MILWAUKEE — New research shows that hereditary predisposition to develop asthma (atopy) is a determining factor in new cases of adult-onset asthma and that avoiding allergens may help prevent adults from developing asthma.
“Are Atopy and Specific IgE to Mites and Molds Important for Adult Asthma?” is available in the March 2006 issue of the Journal of Allergy and Clinical Immunology (JACI) and online at www.jacionline.org. The JACI is the peer-reviewed journal of the American Academy of Allergy, Asthma and Immunology (AAAAI).
Researchers have long known that atopy is a strong determinant for the development of childhood asthma, but this study shows that adults are affected by atopy as well.
Maritta S. Jaakkola, M.D., DSc, of the University of Birmingham and the Finnish Institute of Occupational Health, and colleagues conducted a study in the Pirkanmaa District in southern Finland with 485 cases of adult-onset asthma and 665 controls. Asthmatics ages 21 to 63, who were diagnosed six months to two years previously, participated in the study. Participants answered a questions ranging from personal characteristics and work environment to whether or not they smoked. In addition to the questionnaire, blood serum samples were analyzed for antibodies and lung function was measured.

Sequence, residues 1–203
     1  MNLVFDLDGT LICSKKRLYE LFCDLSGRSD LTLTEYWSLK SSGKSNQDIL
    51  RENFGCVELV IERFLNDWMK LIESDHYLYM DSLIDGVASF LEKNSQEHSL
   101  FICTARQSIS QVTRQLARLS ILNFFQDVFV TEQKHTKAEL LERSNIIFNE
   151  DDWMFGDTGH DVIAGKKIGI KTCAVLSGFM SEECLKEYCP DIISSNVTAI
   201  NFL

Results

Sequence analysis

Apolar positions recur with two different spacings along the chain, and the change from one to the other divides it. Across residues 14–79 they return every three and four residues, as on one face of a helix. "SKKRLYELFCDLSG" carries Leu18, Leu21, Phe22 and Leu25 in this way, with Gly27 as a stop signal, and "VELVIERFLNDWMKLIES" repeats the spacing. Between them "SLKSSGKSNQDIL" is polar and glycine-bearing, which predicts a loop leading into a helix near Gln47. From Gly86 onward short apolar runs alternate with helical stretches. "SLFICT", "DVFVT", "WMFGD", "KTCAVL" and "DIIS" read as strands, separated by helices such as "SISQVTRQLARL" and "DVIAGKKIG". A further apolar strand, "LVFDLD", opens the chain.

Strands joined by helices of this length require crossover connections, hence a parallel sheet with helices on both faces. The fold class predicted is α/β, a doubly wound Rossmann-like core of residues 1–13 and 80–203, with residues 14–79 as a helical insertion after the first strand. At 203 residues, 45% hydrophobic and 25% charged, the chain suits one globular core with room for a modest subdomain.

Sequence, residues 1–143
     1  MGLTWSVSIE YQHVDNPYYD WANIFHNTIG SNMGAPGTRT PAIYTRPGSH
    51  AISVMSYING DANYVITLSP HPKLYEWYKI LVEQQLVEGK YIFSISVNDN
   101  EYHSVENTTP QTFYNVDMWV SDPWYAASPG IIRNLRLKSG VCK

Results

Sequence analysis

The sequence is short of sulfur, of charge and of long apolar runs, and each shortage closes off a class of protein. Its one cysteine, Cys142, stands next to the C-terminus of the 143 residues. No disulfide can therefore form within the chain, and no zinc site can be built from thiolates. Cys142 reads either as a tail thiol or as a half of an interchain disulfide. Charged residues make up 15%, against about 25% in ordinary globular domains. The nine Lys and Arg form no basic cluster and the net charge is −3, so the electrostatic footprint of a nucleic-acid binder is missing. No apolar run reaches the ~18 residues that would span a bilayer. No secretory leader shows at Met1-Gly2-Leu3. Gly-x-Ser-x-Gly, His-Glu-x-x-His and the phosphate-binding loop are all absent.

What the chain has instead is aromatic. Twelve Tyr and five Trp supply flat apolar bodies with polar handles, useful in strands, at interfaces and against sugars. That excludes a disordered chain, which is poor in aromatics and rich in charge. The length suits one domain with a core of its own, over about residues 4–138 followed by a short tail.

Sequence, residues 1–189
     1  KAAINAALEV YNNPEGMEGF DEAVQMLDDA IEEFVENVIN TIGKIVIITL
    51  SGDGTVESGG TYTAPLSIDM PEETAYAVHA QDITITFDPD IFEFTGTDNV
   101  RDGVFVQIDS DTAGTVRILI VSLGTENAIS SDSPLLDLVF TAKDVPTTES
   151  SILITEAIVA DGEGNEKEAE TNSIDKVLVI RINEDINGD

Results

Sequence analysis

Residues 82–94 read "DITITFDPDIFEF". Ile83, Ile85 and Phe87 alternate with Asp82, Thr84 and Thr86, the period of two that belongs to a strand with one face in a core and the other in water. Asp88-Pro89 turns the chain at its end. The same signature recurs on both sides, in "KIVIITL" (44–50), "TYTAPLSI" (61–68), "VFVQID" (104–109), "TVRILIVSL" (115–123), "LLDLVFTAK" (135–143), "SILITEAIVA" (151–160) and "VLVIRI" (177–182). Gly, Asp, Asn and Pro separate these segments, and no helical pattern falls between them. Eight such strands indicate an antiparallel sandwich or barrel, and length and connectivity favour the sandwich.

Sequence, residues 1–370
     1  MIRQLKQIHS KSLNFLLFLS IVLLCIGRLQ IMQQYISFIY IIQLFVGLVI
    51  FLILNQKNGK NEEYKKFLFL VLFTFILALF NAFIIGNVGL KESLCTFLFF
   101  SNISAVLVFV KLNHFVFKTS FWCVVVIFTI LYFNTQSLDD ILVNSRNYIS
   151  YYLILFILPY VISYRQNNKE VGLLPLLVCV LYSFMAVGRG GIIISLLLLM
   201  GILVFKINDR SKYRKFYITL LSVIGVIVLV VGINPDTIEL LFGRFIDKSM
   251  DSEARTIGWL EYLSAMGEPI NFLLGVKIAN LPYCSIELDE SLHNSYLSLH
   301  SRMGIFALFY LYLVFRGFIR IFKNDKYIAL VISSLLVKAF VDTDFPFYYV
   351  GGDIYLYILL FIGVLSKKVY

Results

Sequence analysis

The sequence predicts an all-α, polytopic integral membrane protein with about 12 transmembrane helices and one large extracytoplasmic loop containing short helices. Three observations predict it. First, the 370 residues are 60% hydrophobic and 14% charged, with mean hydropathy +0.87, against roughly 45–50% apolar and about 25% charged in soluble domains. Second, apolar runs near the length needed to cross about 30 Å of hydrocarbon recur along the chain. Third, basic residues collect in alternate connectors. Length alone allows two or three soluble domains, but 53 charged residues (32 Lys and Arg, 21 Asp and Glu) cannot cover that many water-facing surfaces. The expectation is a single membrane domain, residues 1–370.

Results from the study give valuable insight as to why some adults may develop asthma and offer ways to reduce the risk of developing adult-onset asthma:
- The odds of getting adult-onset asthma can be lessened by avoiding allergens that trigger atopy, according to the study.
- The mites and molds most likely to trigger adult-onset asthma aren’t exotic invaders. They include house dust mites, storage mites and several molds that are commonly found in the home.
- Since it is difficult to prevent allergies to pollen, the focus should be on reducing or avoiding other common allergens, according to the study. Those allergens include pets and other domestic animals, mites and molds that are often caused by indoor dampness problems.